This is a sample setup :

  • ISO to install : Windows 10 Insider Preview Build 10074
  • OS that will create the USB bootable disk : Windows 8.1 PRO
  • USB disk : 32GB USB3.0
  • Product Key Windows 10 Insider Preview Build 10074
  • Drive letter with the mounted ISO : D:\
  • Drive letter with the USB disk : E:\

These are the steps :

  1. Insert the USB disk into a Windows 8, 8.1 or 10 machine.
  2. Run command prompt as an administrator, WINDOWS-KEY + R, type ‘cmd’ press enter
  3. type ‘diskpart’ in the command prompt
  4. type ‘list disk’ to sum up the disks on your system
  5. Make sure your USB disk is shown in the list
  6. type ‘select disk X’ where X is your USB disk
  7. Now type the following commands, these will WIPE THE DISK and copy the contents of the ISO to the USB disk
    1. clean
    2. create partition primary
    3. select partition 1
    4. active
    5. format quick fs=fat32
    6. assign
    7. xcopy D:\* E:\ /s /e
  8. At this point the command prompt will start copying all of the files from the ISO to the USB disk

We’re not done yet, you’ll need to reboot the Surface Pro 2 from the USB disk. These are the requirements in order to do this :

  • You need a bootable USB disk formatted as FAT32
  • Disable secure boot

We now have the bootable USB disk, to disable secure boot, you need to enter the BIOS setting of the Surface Pro 2 like so :

  1. Shut down the SP2
  2. Hold volume up
  3. Press and release the power button to boot the SP2
  4. When the Surface logo appears, release the volume up button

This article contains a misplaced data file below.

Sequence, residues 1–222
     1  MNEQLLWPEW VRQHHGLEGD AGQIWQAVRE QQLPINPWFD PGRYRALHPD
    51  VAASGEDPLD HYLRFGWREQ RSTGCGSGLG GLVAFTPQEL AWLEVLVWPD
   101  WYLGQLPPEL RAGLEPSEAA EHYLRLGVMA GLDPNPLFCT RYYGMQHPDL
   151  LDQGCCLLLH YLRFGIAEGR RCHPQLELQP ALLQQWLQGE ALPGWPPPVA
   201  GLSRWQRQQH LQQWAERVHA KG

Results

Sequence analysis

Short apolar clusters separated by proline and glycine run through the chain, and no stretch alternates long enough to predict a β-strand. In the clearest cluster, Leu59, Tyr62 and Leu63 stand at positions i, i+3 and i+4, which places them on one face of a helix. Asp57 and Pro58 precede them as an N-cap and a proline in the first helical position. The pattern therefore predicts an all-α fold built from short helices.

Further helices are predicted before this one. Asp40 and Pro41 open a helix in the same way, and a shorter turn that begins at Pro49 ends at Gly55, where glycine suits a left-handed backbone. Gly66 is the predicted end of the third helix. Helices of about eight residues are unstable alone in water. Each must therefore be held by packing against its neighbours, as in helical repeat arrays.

You are now in the BIOS of the SP2, disable secure boot and reboot the device.

I’m not sure if you will experience this, when secure boot was disabled, the boot screen of my SP2 turned RED. You can re-enable secure boot after installing the OS.

Now to install the OS.

Turn off your SP2 (by pressing and holding the power button for 10 seconds, for example).

Boot from USB :

  1. Press and hold volume down button
  2. Press and release power button
  3. When you see the Surface logo, release the volume down button
  4. Your USB drive will start lighting up and the installation process will start

The installation footprint of a clean Windows 10 Insider Preview installation was 11GB, which is reasonable, I now have a lot more space on my disk to use thanks to a clean install! =)

Success on installing your new OS from a bootable USB drive on your SP2!

Finding Parent, Child, Children and Sibling controls in XAML for WinRT

A little while ago, I posted some solutions to common problems in developing apps for WinRT. Which I solved using Behaviors (Blend Behaviors SDK).

These approaches used a class called ControlHelper, while the functionality was sufficient, I was in need for something more thorough.

So, I’ve updated the ControlHelper to support the following functionality :

    • Find the Page of an element
    • Find the Parent based on a type of an element
    • Find the Parent based on a type and/or condition of an element
    • Find all the children based on a type and/or condition of an element
    • Find a sibling of an element, based on a type and/or condition

    Sourcecode for the ControlHelper

    Sample application on github


WinRT Multiline TextBox

I’ve tried using a RichEditBox as an alternative for a multiline TextBox, since this is a very tedious task, I’m going back to the TextBox.

In short, to create a multiline TextBox, just apply this style :

<Style x:Key="MultilineTextBoxStyle" TargetType="TextBox">
<Setter Property="AcceptsReturn" Value="True" />